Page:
The greatest female player in U.S. hockey history, the Hall-of-Famer has spent the last two years working for the Kraken as a professional scout, which means she was instrumental in their expansion process and knows the league intimately. Granato, 50, lives in Vancouver with her partner, hockey analyst Ray Ferraro, so she understands the market and has seen the Canucks as much as anyone over the last couple of seasons.
The 46-year-old Detroit native played more than 1,000 games in the NHL after becoming the first Black U.S. player to make the league entirely through American hockey channels. After retiring as a player, Grier worked as a professional scout for the Chicago Blackhawks and assistant coach for the New Jersey Devils before the New York Rangers hired him last spring as a hockey operations adviser under new GM Chris Drury. Grier’s brother, Chris, is general manager of the Miami Dolphins.
When we asked around the league about a manager qualified to be an NHL GM but who is rarely mentioned, the Winnipeg Jets assistant GM’s name popped up a couple of times. Heisinger’s name is rarely mentioned because the 59-year-old Winnipegger loves his hometown and is fiercely loyal to the Jets and owner Mark Chipman as senior vice-president of True North Sports and Entertainment. But Heisinger’s impressive experience includes working with the Canucks when the franchise’s minor-league team was the Manitoba Moose.
Johnson, 45, is in his ninth season in Canucks hockey operations and has been the team’s director of player development since 2016. He is also the general manager of its American Hockey League franchise, a title he carried from Utica to Abbotsford, and has a ton of operational knowhow. A tireless collaborator who cares passionately about his players, Johnson has a bright future as an NHL manager. When Rutherford talks about hiring an entry-level GM he can mentor, he could be referring to Johnson.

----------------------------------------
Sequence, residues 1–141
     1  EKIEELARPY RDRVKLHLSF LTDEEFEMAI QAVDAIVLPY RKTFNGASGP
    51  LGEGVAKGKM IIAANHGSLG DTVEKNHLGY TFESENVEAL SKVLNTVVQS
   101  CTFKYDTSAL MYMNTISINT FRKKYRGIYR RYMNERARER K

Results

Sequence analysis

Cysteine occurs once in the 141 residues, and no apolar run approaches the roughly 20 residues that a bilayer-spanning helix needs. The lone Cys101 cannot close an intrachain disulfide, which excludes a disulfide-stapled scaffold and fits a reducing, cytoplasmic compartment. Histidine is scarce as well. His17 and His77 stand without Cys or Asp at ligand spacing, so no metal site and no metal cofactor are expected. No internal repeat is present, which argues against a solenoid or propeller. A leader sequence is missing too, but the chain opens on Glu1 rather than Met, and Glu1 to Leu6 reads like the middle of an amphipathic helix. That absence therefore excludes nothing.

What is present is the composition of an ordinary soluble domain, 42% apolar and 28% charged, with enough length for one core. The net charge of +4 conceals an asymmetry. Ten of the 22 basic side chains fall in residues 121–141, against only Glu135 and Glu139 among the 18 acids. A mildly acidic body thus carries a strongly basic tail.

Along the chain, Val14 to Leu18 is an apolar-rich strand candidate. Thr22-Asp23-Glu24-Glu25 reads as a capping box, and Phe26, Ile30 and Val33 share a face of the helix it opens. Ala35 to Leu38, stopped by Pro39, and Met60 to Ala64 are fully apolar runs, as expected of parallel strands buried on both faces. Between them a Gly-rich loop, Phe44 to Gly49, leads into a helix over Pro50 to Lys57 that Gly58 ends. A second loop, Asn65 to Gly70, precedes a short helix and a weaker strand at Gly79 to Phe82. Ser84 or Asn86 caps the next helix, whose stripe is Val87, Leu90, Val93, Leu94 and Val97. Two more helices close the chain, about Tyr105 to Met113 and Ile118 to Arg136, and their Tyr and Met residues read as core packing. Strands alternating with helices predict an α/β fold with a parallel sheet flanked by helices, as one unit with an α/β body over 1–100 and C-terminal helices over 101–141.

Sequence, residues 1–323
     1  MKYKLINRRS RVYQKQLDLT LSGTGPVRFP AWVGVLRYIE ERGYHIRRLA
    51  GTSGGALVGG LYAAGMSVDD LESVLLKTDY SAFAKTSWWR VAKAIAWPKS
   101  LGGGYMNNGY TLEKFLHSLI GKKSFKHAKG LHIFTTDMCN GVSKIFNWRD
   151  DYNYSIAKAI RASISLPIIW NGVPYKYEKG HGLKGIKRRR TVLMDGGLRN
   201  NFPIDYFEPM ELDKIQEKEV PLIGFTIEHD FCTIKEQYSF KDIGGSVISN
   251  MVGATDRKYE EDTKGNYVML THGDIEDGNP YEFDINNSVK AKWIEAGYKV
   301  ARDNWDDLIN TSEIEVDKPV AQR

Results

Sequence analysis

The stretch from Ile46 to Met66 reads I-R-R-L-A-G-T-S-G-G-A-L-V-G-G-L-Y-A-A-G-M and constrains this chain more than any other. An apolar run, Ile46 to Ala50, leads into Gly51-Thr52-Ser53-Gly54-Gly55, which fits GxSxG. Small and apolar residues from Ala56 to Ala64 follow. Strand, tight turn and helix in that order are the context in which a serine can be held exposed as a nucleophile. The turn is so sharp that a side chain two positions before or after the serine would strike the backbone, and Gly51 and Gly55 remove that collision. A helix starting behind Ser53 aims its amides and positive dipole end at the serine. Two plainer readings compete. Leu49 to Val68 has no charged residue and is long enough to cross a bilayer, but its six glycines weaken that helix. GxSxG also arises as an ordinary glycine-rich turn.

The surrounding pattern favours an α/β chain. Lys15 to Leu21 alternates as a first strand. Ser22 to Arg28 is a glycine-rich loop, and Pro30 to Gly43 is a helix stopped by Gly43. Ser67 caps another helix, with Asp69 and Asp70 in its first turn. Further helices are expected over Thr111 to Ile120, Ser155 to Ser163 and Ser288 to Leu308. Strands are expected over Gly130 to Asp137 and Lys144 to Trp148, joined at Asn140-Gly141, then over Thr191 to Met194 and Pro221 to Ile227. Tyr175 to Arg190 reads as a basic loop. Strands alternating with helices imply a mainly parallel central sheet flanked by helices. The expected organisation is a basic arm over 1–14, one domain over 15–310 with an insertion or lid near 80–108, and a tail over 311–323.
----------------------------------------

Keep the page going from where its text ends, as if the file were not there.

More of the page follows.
Stream every Canucks game this season with new pricing options! SN NOW STANDARD and PREMIUM let you choose how much hockey you want to watch.
None of these GM-candidates lists ever appear without the Colorado Avalanche’s assistant GM and right-hand-man to executive VP and GM Joe Sakic. MacFarland, 51, spent 16 seasons working his way up through Columbus Blue Jackets’ hockey operations before moving to Denver in 2016. With a business degree and experience at law school, MacFarland has worked in every aspect of hockey management. He is so highly regarded around the NHL, the New York native can be choosey about his next opportunity.
Another rising hockey-ops star with the Seattle Kraken, Mandrycky was an analytics pioneer before putting her industrial engineering degree to work by joining the Minnesota Wild in 2015 as a data analyst. The Kraken wanted her badly enough that they hired the 30-year-old from the Atlanta area in 2019 — before Leiweke named Francis his GM. Mandrycky is Seattle’s director of hockey administration.
We’re not including Mike Gillis on this list, but the former Canucks general manager gave Mellanby his start in management as a special consultant in Vancouver. Mellanby left to try coaching as an assistant with the St. Louis Blues before joining Montreal Canadiens hockey-ops in 2012. He was named an assistant GM in 2014 and groomed since then by general manager Marc Bergevin to be his successor. But the 55-year-old resigned from the organization a month ago when it became clear he would not survive the regime change that saw Bergevin fired and Jeff Gorton brought in as executive vice-president.